D'Angerous liaisons

Margaret Drabble being snide about reviewers? Tut-tut, says Hugo Barnacle; The Witch of Exmoor by Margaret Drabble, Viking, pounds 16
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At the outset of her new novel, Margaret Drabble writes: "Begin on a midsummer evening... Let us say that we are in England, in Hampshire." As Aristotle showed, either we are or we aren't. Let us not muck about.

The first scene is a dinner party, and although the setting is meant to be contemporary, there is a curious timewarp effect. The well-heeled company are playing the "Just Society" game, where they have to pick the kind of world they would like to be born into if they didn't know their social position in advance. These bourgeois post-prandial guilt-trips were such a staple of literary fashion in the age of flares, Austin Allegros and brown corduroy modular sofa units that it really does feel quite strange in a brand new book.

Perhaps in reality Drabble is not so much out of date as out of ideas. A successful middle-aged man and his successful middle-aged sisters are worried that their brilliant but batty old mother, the "witch" of the title, is going to squander their inheritance. Nina Bawden's Family Money has dealt with similar themes in rather better style. There are also overtones of Barbara Vine, and some skeletons in the family closet which bear a strong resemblance to those Drabble has rattled at us before, in The Radiant Way .

The writing shows ambition, but not the inspiration to match. The word "palimpsest", a common symptom of this complaint, appears as early as page 18, when Nathan, an adman married to one of the sisters, takes a walk to look at the countryside. In his mind, "The rural England of advertising is superimposed on the palimpsest of the England of Hampshire in the 1990s." It is doubtful that you can logically superimpose something on a palimpsest any more than you can dilute water, but the aim is to work the ghastly word in somewhere, anywhere, for its ready-made posh-prose associations.

Drabble produces a troublingly high number of these lines that announce their own cleverness but do not supply it. Describing the vast and hideous house where Frieda the "witch" lives in remotest Devon, the narrator asks, "What folly had built this folly here...?" For noticing that madness and an extravagant building can both be referred to by the word "folly", nul points.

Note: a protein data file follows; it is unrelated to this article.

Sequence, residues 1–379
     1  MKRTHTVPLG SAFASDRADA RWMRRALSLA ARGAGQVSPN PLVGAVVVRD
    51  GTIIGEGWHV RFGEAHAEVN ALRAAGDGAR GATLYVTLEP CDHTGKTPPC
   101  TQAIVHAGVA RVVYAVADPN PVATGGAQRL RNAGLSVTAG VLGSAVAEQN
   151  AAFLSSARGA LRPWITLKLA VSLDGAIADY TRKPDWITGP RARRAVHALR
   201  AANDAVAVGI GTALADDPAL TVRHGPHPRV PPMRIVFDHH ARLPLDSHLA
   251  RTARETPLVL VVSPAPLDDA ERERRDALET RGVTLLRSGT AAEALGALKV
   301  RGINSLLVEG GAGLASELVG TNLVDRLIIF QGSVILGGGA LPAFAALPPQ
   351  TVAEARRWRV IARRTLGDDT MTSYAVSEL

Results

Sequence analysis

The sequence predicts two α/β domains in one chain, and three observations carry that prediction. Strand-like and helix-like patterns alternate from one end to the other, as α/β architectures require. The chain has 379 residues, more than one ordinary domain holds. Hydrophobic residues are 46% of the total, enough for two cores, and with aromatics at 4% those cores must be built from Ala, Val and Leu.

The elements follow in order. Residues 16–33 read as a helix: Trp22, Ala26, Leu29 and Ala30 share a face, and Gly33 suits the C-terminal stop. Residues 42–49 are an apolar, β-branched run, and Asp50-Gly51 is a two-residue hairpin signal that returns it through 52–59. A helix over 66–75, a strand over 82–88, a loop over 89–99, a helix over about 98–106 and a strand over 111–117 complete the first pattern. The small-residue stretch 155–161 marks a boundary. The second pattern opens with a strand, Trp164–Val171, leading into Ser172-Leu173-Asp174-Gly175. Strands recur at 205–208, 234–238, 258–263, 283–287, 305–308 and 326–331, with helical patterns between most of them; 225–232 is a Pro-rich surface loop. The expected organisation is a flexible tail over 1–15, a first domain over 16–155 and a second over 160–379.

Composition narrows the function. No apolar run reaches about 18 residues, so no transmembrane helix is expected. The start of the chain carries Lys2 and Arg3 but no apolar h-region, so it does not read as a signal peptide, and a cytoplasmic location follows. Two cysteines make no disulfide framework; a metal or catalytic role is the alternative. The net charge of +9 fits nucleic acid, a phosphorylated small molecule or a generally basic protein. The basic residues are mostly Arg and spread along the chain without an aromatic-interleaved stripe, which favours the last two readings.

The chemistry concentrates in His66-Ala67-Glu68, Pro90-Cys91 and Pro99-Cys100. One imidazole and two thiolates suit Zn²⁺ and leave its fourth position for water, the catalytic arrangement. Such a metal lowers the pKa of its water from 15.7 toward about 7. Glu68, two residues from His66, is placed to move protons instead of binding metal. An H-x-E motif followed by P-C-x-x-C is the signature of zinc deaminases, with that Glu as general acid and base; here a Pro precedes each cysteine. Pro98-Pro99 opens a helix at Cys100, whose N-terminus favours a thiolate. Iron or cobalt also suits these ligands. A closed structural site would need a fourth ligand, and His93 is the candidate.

Frieda walks through her overgrown grounds, "this wracked and rent, this Rackham woodland". The allusion to the great illustrator helps us to visualise the scene and ties in with fairytale parallels elsewhere, but the chiming sound of "wracked" makes it all embarrassingly self-conscious and the suggestion of "rackrent" is a complete irrelevance. There are no landlord- tenant relations involved.

Nathan's mother, meanwhile, doesn't like him living in his trendy South Bank block because there's an E in the postcode, an ugly reminder of the East End their Jewish family worked hard to escape from. We are told she "hasn't moved with the times. She won't even eat food with an E in it." Surely a preoccupation with E-numbered food additives is as neurotically modern as you can get?

David D'Anger, a suave Guyanese academic married to another of the sisters, is repeatedly described, because of his dazzling powers of persuasion, as "dangerous". You see it coming the instant Drabble introduces him, but that doesn't make it any easier to bear.

Will Paine, a character intended to be catalytic but really just peripheral, is half-Jamaican and, we are told, "too nice-looking to be pure-bred English. The pure-bred English are a motley, mottled, mongrel ugly breed, blotched with all the wrong pigments, with hair that does not do much for them at all. The English are clumsy and gross and at the same time runtish. They do not make the best of themselves. Their bodies are thick, their faces are either pinched and beaky like mean birds or shapeless as potatoes." Is Drabble speaking for herself here? She doesn't seem to be speaking for David Niven, Cary Grant, Vivien Leigh or Julie Christie. And "pure- bred English" is a stupidly racist contradiction in terms.

Nearing the end, the narrator says, "We are nearing the end. Soon we can go for the kill. Indeed, for the overkill...There will be one or two deaths, but not many." So, not an overkill at all, then. Not exactly Operation Gomorrah or anything.

Readable enough in its second half, once the action belatedly starts, the novel nevertheless contains a quantity of snide remarks about book reviewers, invariably a sign that the author is conscious of failure and expects bad notices. May Drabble soon return to form.